Tuesday’s Senate hearing with Facebook “whistleblower” Frances Haugen was part of a slick, well-produced rollout of a former Facebook employee, complete with a prerecorded and well-timed “expose” on CBS’ “60 Minutes,” harmonious media cheerleading, and paid Democratic consultants.
With this razzle-dazzle, the witness and her handlers want the audience to use the pretext of child protection to increase government power over Facebook, resulting in increased censorship, which likely will inure to the detriment of conservatives in the long run.
To identify—and avoid—the key takeaway of the hearing, members of Congress and the American public need to see through the glossy performance and focus on Haugen’s former role at Facebook and what she advocated for in the hearing; namely, more censorship of “misinformation.”
On the plus side, Haugen released Facebook documents and described troubling issues at the tech giant that are important for Americans to know and understand.
In its never-ending quest for growth, Facebook preys on younger children to set their eyes on the Instagram and Facebook platforms and to keep them there, despite knowing the dangerous—and even deadly—mental and emotional downstream effects that has on children, particularly girls.
Facebook has called teens creating Instagram accounts without parents’ knowledge a unique value proposition.
Sen. Richard Blumenthal, D-Conn.—chairman of the Senate Commerce, Science, and Transportation Committee’s Consumer Protection, Product Safety, and Data Security Subcommittee, which held yesterday’s hearing—called the effects of Instagram on teens an “addict’s narrative.”
He added, “the damage to self-interest and self-worth inflicted by Facebook today will haunt a generation.” He’s right.
While members of Congress and Americans can agree that social media companies should not prey on children, what members of Congress propose to address the many forms of abuse that such companies commit would result in drastically different consequences.
Investigating Facebook and other Big Tech companies for misleading consumers and advertisers, and for deceptively misrepresenting their products, is an available course of action for the Federal Trade Commission under current authorities, and the FTC should utilize them.
Blumenthal and Sen. Maria Cantwell (D-WA) both spoke at Tuesday’s hearing in favor of investigating and penalizing Facebook for such deception.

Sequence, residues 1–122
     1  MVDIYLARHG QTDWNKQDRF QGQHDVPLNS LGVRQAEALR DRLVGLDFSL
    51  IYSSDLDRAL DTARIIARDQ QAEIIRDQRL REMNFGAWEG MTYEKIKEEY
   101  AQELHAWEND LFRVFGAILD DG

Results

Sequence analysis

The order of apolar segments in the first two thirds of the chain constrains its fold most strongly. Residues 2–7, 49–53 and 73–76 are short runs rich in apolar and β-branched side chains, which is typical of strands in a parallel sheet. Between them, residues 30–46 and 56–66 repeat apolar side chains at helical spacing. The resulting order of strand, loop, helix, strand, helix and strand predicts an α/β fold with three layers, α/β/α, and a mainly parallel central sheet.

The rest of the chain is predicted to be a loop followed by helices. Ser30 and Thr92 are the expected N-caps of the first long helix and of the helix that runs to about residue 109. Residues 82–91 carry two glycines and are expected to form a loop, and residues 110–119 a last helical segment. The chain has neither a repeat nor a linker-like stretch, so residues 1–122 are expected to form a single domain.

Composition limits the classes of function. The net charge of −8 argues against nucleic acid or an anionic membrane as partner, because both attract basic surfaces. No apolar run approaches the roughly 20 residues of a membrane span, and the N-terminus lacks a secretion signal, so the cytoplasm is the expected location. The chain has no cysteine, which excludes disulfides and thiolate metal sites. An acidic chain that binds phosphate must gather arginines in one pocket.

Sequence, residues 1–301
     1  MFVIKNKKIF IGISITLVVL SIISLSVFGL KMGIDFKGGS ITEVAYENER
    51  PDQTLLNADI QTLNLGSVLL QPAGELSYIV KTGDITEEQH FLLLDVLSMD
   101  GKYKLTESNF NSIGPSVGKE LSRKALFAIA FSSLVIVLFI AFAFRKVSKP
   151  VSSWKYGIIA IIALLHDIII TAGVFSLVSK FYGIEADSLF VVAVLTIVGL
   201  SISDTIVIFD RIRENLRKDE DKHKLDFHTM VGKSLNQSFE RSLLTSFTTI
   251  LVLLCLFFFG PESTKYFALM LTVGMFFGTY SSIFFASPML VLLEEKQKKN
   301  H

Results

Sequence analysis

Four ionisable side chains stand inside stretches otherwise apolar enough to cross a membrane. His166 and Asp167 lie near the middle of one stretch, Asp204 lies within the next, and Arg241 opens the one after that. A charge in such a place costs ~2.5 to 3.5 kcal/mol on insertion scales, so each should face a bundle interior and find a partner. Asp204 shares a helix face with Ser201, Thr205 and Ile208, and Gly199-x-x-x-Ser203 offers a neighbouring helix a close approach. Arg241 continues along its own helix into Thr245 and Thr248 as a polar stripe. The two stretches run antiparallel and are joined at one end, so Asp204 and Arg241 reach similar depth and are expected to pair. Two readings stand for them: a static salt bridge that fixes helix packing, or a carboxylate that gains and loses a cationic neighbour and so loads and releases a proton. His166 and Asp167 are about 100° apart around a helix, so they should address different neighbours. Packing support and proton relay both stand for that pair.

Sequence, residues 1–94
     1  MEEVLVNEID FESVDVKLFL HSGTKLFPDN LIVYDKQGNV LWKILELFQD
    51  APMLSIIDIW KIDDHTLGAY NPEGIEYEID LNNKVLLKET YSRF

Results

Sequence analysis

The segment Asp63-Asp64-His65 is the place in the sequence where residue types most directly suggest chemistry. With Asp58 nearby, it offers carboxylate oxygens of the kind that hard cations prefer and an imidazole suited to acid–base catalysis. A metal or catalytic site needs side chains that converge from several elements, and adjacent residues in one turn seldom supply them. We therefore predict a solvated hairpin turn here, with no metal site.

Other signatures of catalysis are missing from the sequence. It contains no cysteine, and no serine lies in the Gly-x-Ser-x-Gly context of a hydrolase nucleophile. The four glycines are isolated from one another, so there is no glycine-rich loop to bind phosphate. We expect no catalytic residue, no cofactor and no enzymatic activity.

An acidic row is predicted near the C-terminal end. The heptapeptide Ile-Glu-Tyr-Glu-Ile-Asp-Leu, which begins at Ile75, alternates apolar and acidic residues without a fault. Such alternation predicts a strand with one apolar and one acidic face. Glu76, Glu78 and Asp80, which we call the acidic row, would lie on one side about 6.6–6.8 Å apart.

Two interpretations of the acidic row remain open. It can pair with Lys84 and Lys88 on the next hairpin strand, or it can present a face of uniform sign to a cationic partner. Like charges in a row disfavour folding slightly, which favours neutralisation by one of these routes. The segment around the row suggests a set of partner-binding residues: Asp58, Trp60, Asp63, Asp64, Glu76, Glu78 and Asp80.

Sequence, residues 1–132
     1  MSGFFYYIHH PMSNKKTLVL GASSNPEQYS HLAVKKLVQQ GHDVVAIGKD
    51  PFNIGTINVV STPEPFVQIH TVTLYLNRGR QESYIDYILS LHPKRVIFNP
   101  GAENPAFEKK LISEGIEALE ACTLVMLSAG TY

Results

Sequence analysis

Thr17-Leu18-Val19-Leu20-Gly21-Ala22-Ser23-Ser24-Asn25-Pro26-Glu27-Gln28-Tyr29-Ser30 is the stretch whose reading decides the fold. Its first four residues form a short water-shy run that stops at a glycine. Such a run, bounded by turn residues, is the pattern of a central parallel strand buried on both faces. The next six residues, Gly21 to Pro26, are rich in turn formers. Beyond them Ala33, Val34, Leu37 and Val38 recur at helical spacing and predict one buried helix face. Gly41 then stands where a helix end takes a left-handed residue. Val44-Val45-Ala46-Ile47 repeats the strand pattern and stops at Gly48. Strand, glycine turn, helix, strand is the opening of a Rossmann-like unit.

Facebook and other Big Tech companies warrant such scrutiny, transparency, and consequences based on any deceptive business practices.
A second overdue change discussed at the hearing was reforming Section 230, which provides Internet service providers overbroad liability immunity for removing legal content that they consider “objectionable” from their platforms, and giving them a free pass for altering content posted by others by adding “truth banners” and the like while still claiming—falsely, in our view—that they are not “publishers” of the content on their platforms.
Since the 1996 government-provided protection, companies such as Facebook, Twitter, and YouTube have accelerated and expanded content removal, labeling, and ranking beyond illegal activity and into content that should be distributed to encourage free speech and debate.
Companies should not be immune from lawsuits against this behavior when they are clearly acting as publishers.
Haugen testified as much when she stated that Facebook builds algorithms based on intentional ranking decisions. She correctly stated that Facebook should be held responsible, and not get a pass, for its ranking decisions and algorithm designs.
But government should not encourage or expand the current favorite tool of the left, companies such as Facebook, and Haugen herself; namely, identifying and removing “misinformation.”
Haugen was the lead product manager for “Civic Misinformation” at Facebook. She explained that Facebook changed its content defaults in the summer of 2020 for health (COVID-19) and civic (election) content because it knew “dangerous” content related to those issues was on the platform.
Haugen complained that after the election, Facebook returned to its prior content default settings to resume platform growth. She testified that Facebook betrayed its commitments to keep elections safe when it dissolved her civic integrity unit after the 2020 election.
Sen. Amy Klobuchar (D-MN) advocated for her legislation to hold digital platforms accountable for health misinformation posted online. Haugen lamented that Facebook does not have the capability to prevent COVID-19 misinformation because it overrelies on artificial intelligence to catch such content, and AI only catches a small fraction of it.
Americans should have visceral reactions against efforts to label and censor “misinformation.” COVID-19 and the 2020 election have shown that such labels are often proven wrong and that “misinformation” is a euphemism for content the left does not like or want shared.
Two prime examples were the Wuhan, China lab being the source of COVID-19 and the Hunter Biden laptop. News of the latter was likely suppressed by Haugen’s own team.
Haugen testified that Facebook wants to trick Congress into making limited changes and that company representatives use false choices—such as divisive content or losing free speech—to scare off significant reform.
Yet Haugen seeks to perpetuate dangerous censorship of lawful content regarding issues in need of open debate on all platforms.
Americans need to see through this setup of a “whistleblower” hearing and avoid being tricked into weaponizing so-called “misinformation” labeling and censorship.
Haugen testified that free speech-respecting social media are possible. It deserves more than just her lip service.
Lora Ries is director of the Heritage Foundation's Center for Technology Policy and also serves as a homeland security senior research fellow.
Editor's Note: This piece originally appeared on The Daily Signal.